[ 1:53pm ET: ] President Obama is en route despite launch scrub, scheduled to arrive Kennedy Space Center at 2:10pm ET. We may see Air Force One overhead shortly. The president is reportedly en route to say hello to astronauts and Gabrielle Giffords.
[ 1:03pm ET: ] Mike Leinbach, Shuttle Launch Director with NASA, is speaking about why the launch was called off. NASA now says Endeavour won't launch before Monday at 2:33pm EDT. My notes:
A thermostat on one of the fuel lines, one of the heater units, failed. We tried to get the line to cool down, to see if thermostat would kick in, and tried other methods to activate -- but failed. We have a hard failure. There was another heater also exhibiting funny behavior. We believe we have a problem in the LCA, load control assemblies, switch box. Maybe a problem in the box, or in the line leading in to the box, or out of the box. But we didn't want to commit to flight with only one of the heaters functioning. Need to be able to heat the fuel [Ed. note: fuel can become very cold in space, you don't want your fuel freezing]. Probably tomorrow afternoon they'll get hands on the assembly. Once we can get in to the avionics bay where the LCA exists, we can do troubleshooting, see if we need to change out that box. We've declared a minimum of 72 hours. Today the orbiter's not ready to fly. We will not fly before we're ready.
[12:52pm ET] NASA: launch may be scrubbed for at least 72 hours.
[12:30pm ET] Steven Young from SpaceFlightNow explains what we know about why Endeavour's launch today was scrubbed. Short version: Not the weather, but reportedly because of a problem with one of the orbiter's Auxillary Power Units. Steven explains that there are three of these on the shuttle, to provide power for hydraulic system: during launch, they are a crucial element. They're started up about 5 minutes before launch, and they sound like giant steam engines; they're run until the shuttle reaches orbit, then they shut down. The day before launch, they fire up one of them to see if it's still working, and right before launch, they fire up one again. The rules, Steven explains, are that you want all three to be working. Two are enough to fly the shuttle normally. We don't know exactly what the problem was yet, but whatever it is, it's serious enough to cause the launch to be called off. NASA is telling us that the delay will be more than 48 hours.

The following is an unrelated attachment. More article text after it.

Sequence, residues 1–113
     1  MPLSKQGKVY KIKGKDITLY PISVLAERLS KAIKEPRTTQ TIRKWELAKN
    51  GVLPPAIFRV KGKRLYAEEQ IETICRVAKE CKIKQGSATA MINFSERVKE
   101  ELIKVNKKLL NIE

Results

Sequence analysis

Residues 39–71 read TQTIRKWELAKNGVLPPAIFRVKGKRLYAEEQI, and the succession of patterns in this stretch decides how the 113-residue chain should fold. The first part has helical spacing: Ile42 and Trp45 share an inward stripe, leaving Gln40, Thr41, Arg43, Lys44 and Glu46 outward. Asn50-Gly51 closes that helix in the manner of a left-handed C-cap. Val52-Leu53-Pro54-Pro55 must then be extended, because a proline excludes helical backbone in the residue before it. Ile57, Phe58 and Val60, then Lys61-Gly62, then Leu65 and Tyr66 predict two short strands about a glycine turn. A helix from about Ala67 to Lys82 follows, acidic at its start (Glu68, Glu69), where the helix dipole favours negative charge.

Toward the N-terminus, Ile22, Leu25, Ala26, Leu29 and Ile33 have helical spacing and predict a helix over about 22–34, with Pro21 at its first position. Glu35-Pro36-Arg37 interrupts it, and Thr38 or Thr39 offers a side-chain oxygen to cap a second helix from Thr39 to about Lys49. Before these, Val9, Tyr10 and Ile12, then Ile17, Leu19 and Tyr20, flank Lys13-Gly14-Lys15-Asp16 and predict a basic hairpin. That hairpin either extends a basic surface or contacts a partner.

[ 12:18pm ET ]: Space shuttle Endeavour's launch has been scrubbed due to a problem with one of the orbiter's Auxillary Power Units. The launch will not take place at 3:47pm ET today as planned. Will post an update when we know the next launch window, but
at best, odds are at least 48 hours we are now told the next window will be longer than 48 hours.
[12:17pm ET] Something unusual just happened. The crew normally heads to the launch pad, but this time they stopped at Launch Control Center (LCC) to drop off officials who were with them but aren't going to the launchpad. They pulled into the LCC entrance, went into parking lot (normally they just stop on the road outside), then made a U-turn. This may mean the launch is scrubbed.